Home / News / ‘Affront to free market principles’

‘Affront to free market principles’


Treasury’s proposed changes to proxy voting advice have met with fierce resistance from Ownership Matters, which warned the reforms could have a chilling effect on corporate accountability in Australia.

The reforms, which were proposed in the interests of “strengthening the transparency and accountability of proxy advice”, would require proxy advisers to provide their research to companies they are reviewing before they provide it to clients – a move that Ownership Matters (OM) described as “nonsensical” “OM is not aware of any other form of opinion or advice in Australia where the State compels its provision to the subject prior to publication, explicitly for the purpose of allowing them to alter its content,” OM said in a submission to Treasury.

“This proposal should be of grave concern not just to other providers of financial research but to any person interested in preserving a functioning society that values freedom of expression and free enterprise.”
Institutional investors use proxy advisers like OM to research investee companies and to provide voting recommendations for shareholder resolutions. But OM warned that the reforms – which would also require companies to prove they voted independently of those recommendations – “would likely destroy the current productive and frequent engagement between companies and OM”.

“Treasury presents no evidence whatsoever that there has been any detriment suffered as a consequence of the publication of financial research that may influence the voting intentions of institutional investors,” OM said.

“The absence of harm or evidence presented in the Treasury paper seems an odd pretext for detailed and intrusive regulatory intervention in the rights of private citizens…to contract with each other, and which would provide regulatory fiat for large, well-funded companies to pre-emptively censor dissenting opinion through legal threats and harassment.”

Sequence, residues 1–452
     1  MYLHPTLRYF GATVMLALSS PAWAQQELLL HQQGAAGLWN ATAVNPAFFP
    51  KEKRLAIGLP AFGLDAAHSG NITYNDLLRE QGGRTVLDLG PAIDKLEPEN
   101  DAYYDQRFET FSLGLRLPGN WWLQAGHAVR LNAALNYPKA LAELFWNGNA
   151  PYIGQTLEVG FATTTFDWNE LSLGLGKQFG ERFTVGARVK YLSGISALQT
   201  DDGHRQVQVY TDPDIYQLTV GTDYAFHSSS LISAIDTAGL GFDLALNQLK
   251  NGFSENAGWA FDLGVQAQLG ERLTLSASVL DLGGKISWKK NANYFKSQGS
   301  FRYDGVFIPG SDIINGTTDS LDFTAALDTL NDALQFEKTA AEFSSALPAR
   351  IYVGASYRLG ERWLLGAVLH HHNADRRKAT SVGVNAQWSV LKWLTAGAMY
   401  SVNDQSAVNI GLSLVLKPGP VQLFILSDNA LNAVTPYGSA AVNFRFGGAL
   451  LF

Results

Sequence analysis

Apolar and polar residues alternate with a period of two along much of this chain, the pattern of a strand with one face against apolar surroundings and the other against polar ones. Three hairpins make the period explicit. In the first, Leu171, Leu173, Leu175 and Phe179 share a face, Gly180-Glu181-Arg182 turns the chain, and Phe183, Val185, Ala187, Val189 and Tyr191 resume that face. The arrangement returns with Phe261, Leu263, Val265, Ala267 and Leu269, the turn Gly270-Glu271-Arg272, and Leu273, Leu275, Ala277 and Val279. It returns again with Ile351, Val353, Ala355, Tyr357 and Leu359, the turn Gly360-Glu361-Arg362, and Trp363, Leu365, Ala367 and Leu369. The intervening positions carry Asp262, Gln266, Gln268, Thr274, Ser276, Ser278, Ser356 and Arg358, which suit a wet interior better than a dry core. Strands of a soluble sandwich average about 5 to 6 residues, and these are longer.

Dean Paatsch

The founder of OM, Dean Paatsch, is a commercial lawyer by training, with a background in super as the first chief executive of AIST, before founding Proxy Australia in 2003. This then had several incarnations after its sale in 2005, through ISS Australia, Risk Metrics and ISS Governance Services. Paatsch formed the staff-owned OM in 2011, joined by fellow directors Martin Lawrence and Simon Connal.

OM has questioned why the proposed reforms had been aimed at four main proxy advisers – including itself, the Australian Council of Superannuation Investors (ACSI), CGI Glass Lewis, and Shareholder Services Australia) – when “numerous financial research providers” and sell-side brokers provide commentary urging investors to accept or reject board proposals.

“We also draw Treasury’s attention to the risk that regulatory over-reach could impact the operating models of sell side researchers, investment banks, proxy solicitors and other firms who are also in the business of advising investors how to use their voting rights,” OM said.

“Setting up a regime where these firms were required to pre-release their reports (as we would ours) would be curious, to say the least, in a global context.”

  • Print Article

    Fahy leaves ASFA after a good innings

    Martin Fahy has stepped down as CEO of the Association of Superannuation Funds of Australia (ASFA) after seven years at the helm where he played a “pivotal role” in addressing the policy and regulatory changes of the period.

    Lachlan Maddock | 26th May 2023 | More
    ‘You never want to accept how bad it is’: AustralianSuper’s unlisted property problem

    AustralianSuper CIO Mark Delaney believes the fund is harder on internal teams than external managers, but says that its unlisted property experience has been “the worst of all worlds”.

    Lachlan Maddock | 25th May 2023 | More
    Industry veterans scrutinise manager fees to fix super’s ‘shadow equilibrium’

    Jefferson & Shea Analytics will bring a new fee benchmarking service to Australia to get super funds a better deal from their external managers. The good managers will like it – the bad ones won’t.

    Lachlan Maddock | 25th May 2023 | More